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Ich, velvet, and other such diseases are a tough battle to fight & hard to watch the fishies suffer with it. However, you can save many fish by treating your fish early on.

As a preventative measure sporadically use treatment, such as Aquarisol. Or when introducing new fish, or plants, for a few days. The parasite can come from either by fish or plants.

A common treatment is by using aquarium salt and raising the temperature. I regularly use the salt - as mollies and guppies like the salt and do better in it. Some species do not tolerate salt and would need to research before adding to your aquarium. Some will only use aquarium salt and temperatures between 82-86 degrees.

The problem with raising to a higher temperature can mean that the fish will get more bacterial attacks. They have wounds from the ick and are prone to getting another infection easily. For instance, I had one female guppy secluded in breeder box that had just a clamped tail before bedtime - when I woke up - she was dead and her tail was completely gone down to the end of the spine.

I use Aquarisol as a preventative measure. When I noticed first signs of ich/velvet I used Methylene Blue for days and didn’t seem to help much. Then I’ve used Malachite Green in my fry tank at 1/2 dosage and seems to be helping.

However, in my tanks with sailfin mollies, I am using Copper, per advise from my LFS. Treat without carbon filter add meds, and then redose in 2 days. The active ingredient in copper is like a time-released capsule and is gradually released over several days. Leave meds in for 14 days, or per instructions. Copper cannot be used on snails and other marine life creatures. Consult your LFS for advise before usage.

I treat with raised temperature and aquarium salt, right off. Meds are only added later if no improvements are seen. 8 sailfin mollies in 1 tank are doing much better in 7 days, with added treatment of copper and are getting their energy back. The 2nd tank with mollies, the treatment was started too late and suffered a few losses, but 3 mollies appear to be getting better and eating. Guppy tank is suffering losses with the only added meds of Aquarisol, then later Methylene Blue. After filtering that out and many water changes, tried Malachite Green. Still is progressing and other infections are appearing. Now I’m trying copper and seems like some are doing a bit better, but expecting heavy losses of my breeders.

If you have any fry when you first see outbreak of ich in tank, move to a separate tank, as they cannot handle the meds that the adults can. And sometimes the adults can’t even handle the meds with all the stress and illness.

I feed them at a reduced level, as when they have a full-blown infestation they will not eat anyway. If you have babies keep feeding them 3 light meals a day... as they need energy to battle disease. After you see most food fall to the gravel, after a little while, it will be time to vacuum and then water changes.

I vacuum & change water after feeding, and them introduce any replacement meds, or replentish salt “after” feedings.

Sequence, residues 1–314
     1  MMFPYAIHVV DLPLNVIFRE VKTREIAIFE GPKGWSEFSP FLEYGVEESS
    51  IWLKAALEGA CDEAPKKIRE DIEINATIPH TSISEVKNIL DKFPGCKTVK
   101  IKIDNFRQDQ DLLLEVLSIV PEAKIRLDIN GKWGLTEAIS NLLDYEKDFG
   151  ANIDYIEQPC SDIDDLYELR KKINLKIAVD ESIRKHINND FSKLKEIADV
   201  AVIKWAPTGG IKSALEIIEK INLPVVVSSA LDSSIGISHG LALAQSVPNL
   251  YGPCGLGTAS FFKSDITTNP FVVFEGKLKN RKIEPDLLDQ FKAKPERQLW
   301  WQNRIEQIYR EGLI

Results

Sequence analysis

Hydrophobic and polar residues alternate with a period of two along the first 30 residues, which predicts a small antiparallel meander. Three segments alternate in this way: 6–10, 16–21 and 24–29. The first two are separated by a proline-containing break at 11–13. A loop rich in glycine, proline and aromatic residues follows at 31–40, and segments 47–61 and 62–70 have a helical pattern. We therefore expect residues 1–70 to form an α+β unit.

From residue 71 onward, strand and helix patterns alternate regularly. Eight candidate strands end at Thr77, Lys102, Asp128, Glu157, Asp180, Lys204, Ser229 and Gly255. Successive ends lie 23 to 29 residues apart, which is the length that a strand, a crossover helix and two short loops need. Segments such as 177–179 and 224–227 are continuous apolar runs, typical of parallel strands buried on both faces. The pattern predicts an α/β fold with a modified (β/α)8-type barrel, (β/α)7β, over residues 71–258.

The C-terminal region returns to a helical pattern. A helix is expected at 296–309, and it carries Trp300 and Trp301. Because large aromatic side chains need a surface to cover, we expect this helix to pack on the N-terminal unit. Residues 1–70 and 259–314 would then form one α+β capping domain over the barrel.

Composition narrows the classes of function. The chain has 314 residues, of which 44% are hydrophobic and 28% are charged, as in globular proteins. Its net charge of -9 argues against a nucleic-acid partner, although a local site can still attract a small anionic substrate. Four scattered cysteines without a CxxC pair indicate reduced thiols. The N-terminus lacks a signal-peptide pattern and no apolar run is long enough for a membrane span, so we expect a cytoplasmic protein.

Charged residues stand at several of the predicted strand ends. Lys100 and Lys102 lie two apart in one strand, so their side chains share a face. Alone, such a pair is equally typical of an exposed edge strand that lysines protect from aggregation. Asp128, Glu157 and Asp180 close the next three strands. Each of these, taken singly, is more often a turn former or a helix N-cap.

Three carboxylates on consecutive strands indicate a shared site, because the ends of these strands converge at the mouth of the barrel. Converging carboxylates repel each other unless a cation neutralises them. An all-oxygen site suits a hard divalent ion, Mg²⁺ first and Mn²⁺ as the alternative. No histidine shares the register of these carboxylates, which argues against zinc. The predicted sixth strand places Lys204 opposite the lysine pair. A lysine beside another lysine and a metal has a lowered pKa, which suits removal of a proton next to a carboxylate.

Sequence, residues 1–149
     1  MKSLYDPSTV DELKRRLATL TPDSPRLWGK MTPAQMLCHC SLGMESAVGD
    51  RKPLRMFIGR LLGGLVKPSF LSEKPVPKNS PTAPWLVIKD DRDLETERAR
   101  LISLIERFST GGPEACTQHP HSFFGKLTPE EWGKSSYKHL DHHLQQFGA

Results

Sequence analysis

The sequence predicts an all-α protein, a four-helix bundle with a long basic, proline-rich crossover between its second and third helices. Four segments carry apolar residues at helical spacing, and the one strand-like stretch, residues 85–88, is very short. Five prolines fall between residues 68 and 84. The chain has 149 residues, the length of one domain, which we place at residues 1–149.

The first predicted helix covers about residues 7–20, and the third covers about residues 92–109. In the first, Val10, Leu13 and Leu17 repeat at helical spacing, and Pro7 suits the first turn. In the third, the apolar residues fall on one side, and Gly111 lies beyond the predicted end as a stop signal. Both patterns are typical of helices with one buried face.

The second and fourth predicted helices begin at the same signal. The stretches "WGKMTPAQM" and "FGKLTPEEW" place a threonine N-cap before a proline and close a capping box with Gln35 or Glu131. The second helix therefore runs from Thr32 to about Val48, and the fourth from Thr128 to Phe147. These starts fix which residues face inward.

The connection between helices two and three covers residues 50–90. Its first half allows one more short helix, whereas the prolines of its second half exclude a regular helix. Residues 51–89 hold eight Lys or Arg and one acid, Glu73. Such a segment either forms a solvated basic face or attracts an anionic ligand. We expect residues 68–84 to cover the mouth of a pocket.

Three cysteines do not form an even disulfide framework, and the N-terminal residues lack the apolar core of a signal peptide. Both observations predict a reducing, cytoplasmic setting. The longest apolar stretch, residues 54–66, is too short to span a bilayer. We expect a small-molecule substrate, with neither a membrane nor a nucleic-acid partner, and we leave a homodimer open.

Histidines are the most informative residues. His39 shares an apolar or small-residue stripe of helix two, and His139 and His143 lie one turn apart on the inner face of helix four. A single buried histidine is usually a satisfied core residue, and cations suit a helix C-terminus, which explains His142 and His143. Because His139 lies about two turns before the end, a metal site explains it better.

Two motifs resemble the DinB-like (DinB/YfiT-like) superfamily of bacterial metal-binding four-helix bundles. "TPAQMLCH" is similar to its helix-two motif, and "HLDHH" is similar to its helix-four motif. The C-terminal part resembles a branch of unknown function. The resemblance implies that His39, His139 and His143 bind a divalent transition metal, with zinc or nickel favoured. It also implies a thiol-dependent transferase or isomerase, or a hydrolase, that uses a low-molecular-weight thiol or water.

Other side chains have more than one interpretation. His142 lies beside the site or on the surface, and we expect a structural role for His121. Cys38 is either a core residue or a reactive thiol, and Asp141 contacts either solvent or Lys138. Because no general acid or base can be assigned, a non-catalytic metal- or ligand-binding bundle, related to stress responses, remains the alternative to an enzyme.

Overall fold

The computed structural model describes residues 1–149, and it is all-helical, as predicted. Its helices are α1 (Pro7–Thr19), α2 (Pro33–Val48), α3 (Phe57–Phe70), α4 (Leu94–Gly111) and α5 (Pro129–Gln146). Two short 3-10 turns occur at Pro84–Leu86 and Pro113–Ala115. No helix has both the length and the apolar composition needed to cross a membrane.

Here are steps to battle ich or other parasite diseases:

Vacuum Gravel:

It is necessary to remove some of the parasite cysts at the bottom of the aquarium. Left unchecked, the parasite invasion explodes when they hatch again (in increasing numbers).

Water Changes:

It is necessary to change water daily at 25% of the tank when disease is rampant. Also, when treating with meds without filteration, it gets out toxins in the water and free-swimming ich larva.

Aquarium Salt:

It helps produce the fish slime layer to keep parasites from easily attaching, it heals wounds and helps digestion.

Higher Temperature:

82-86 degrees - 84 being the normal range. It gets the parasites when they are free floaters (not attached as a host to the fish) and they don’t tolerate this and die.

Secondary water treatments can be used are:

Aquarisol, Malachite Green, Methylene Blue, Copper

(note: don’t treat with different meds in the tank at the same time)

Duration of treatment:

You will need to keep treating your fish after you see the last spot gone from your fish. However, it still may be residing in your substrate or free-swimming. Some say treat for 3-5 days longer, and others say for a complete 2 weeks. 1-2 weeks of additional treatment is recommended. Preventative treatments should be used sporadically, thereafter.

Articles on treatment of Ich: aid=2421 h=ichwhitespotdisease

Note: Before adding meds to a fry tank, or tank with plants, seek advise first from your LFS. Copper cannot be used on snails and some other marine-life. Consult your LFS for advise on copper before usage.

So... what do you think? Please leave me a comment or give me a


  • Michelle: Glad to see you managed to get the post up :-)
  • guppylover: very helpful.
  • kosmos2006: This is a great article if you never had to deal with ich before. I wish I would have read this article when I started keeping fish. I learned the hard way. This is pretty close to the exact things I would do for ich. The only thing I would add to the secondary treatment is, if and only if the fish is in really bad condition do salt or medicine bath. The bath helps get some ich off the fish in a short amount of time. This also depends how much salt/medicine the fish can tolerate. Once again great article.
    One note: Garlic extract is good at preventing external parasites and it helps increase appetite in picky fish. I use it in all my tanks.

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